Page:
It was awesome up there, hundreds of people lining the road, trying to get a good position to see the riders hurtle past. And that they did. The crowd starts off calm and quiet, then the tooting and sirens from the official vehicles starts. Then the Feds come through pushing the crowd back on the scooters, then the lead car, then the riders, then the crowd screams and yells and cow bells ring, then it is quiet again and the crowds disappear! The riders went through as a small lead group, then the main bunch. I guess they were all together as it was early in the race, so our viewing was over in 10 seconds flat.

It was so much fun. It was great to be a part of the fanfare that you see on TV. The atmosphere was electric and I had a smile from ear to ear all day. I have wanted to watch the race live all my life, and now I have!  We rushed home to watch the rest of the stage on TV, they were on their way up to the Tourmelet… We’ll be tackling it tomorrow – double! Can’t wait!

We only did 65km today, albeit up the Hautacam on our rest day, but heck, it was our rest day and I had a race to watch.

PS. Nibali won.
PPS. Completed Rapha Rising!




You can follow me on Instagram @lowercasev. All photos taken on GoPro Hero 3+ Black edition. #GoPro #VSport


Luz Ardiden, cooked.

Today’s adventure would take us to our first real climb. I say this because the previous ones – Col du Aspin and Col du Soulor both had long sections of 1-2% and averaged out with a 5% gradient. The beast that is Luz, has a average of 9% over 13km. It is totally and utterly ouchy. Here is my Strava file.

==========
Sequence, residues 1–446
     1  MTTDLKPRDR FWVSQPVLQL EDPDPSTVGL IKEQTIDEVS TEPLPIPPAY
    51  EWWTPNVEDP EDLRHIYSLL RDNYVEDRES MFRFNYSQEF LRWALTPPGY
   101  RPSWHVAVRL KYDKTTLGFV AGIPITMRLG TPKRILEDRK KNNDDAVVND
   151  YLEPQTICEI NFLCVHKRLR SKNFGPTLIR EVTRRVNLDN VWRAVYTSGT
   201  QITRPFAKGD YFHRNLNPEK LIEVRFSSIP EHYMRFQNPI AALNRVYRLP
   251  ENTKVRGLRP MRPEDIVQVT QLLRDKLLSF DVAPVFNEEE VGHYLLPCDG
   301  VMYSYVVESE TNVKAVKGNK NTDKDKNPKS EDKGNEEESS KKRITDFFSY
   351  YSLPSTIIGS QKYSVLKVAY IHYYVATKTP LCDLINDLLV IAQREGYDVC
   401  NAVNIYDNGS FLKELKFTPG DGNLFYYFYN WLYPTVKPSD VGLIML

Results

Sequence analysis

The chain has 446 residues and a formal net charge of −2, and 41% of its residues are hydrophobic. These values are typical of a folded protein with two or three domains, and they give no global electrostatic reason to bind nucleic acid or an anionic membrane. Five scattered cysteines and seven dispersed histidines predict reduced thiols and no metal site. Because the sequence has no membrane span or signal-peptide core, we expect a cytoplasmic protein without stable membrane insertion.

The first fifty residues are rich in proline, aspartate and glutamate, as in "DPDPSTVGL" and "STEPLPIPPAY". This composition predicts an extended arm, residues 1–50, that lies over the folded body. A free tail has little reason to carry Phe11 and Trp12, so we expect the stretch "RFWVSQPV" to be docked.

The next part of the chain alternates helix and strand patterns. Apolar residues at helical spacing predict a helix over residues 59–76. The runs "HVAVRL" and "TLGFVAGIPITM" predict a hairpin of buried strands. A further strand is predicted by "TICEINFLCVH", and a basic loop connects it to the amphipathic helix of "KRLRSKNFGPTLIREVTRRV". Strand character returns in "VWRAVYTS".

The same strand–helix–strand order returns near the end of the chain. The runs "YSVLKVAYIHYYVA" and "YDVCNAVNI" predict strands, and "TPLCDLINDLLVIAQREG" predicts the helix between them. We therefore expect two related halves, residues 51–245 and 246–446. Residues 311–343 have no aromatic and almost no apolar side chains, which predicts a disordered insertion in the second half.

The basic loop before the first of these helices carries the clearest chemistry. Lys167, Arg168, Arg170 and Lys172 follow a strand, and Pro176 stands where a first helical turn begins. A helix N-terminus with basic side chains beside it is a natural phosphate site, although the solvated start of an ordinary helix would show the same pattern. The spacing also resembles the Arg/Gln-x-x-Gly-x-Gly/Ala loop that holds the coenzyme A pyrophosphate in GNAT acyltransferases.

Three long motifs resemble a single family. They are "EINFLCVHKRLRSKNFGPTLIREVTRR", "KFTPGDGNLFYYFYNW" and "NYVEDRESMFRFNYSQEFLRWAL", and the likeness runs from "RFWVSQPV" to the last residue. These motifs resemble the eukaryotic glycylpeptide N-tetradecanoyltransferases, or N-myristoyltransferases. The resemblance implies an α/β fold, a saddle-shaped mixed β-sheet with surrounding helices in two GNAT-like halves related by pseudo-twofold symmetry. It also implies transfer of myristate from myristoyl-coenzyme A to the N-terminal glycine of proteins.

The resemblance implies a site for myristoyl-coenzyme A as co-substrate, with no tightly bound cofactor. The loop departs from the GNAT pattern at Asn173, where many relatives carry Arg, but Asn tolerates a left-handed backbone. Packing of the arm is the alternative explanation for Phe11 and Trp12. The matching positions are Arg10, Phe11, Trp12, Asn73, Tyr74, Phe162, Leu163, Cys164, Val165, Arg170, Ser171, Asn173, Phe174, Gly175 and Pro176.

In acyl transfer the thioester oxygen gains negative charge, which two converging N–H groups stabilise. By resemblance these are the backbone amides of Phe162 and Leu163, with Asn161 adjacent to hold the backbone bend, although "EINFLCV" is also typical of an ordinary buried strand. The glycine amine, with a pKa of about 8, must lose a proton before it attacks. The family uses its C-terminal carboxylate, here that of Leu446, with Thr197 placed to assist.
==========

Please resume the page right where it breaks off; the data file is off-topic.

We had to ride 35km to the base of Luz and were all rather cooked from our previous days efforts. So the first 20 or so km hurt…a lot! It was also about 30 degrees which literally cooked us as well.

The climb itself was just steep, uphill and steep. My legs were screaming every second. There was no rest, no where to hide on this one, apart from turning the switchbacks where the gradient eased off a little. The heat is the thing that got me. It was brutal, there was not much tree cover for the final 10km, it was beating down on me and I was sweating like a criminal. It felt like it went on forever, the sun beating down. I did not realise how many switchbacks there were until I looked back down. The view at the top was spectacular, so was the descent!

We were in struggle town on the way home, legs were burring, and we were burning. It was now the heat of the day and I was cooking. We were all a bit dehydrated and grumpy. We made a bee line for Argelles for food and water, with a minor detour to get my cable fixed at the local bike shop! The LBS was a Specialized dealer too! By the time the cable was fixed, we were out of there just in time to watch the end of the Tour in a bar, which made the final 20km home quite a crawl. But what a day, we did 100km, 1800m of climbing, all on rather cooked legs, under the searing sun. But I’m not complaining, at least it is not winter!

Hautacam tomorrow and watching the Tour pass our accommodation doorstep! Can’t wait! Though I hope my legs feel better.


You can follow me on Instagram @lowercasev. All photos taken on GoPro Hero 3+ Black edition.


The not so epic adventure, Col d’Aspin and the Hourquette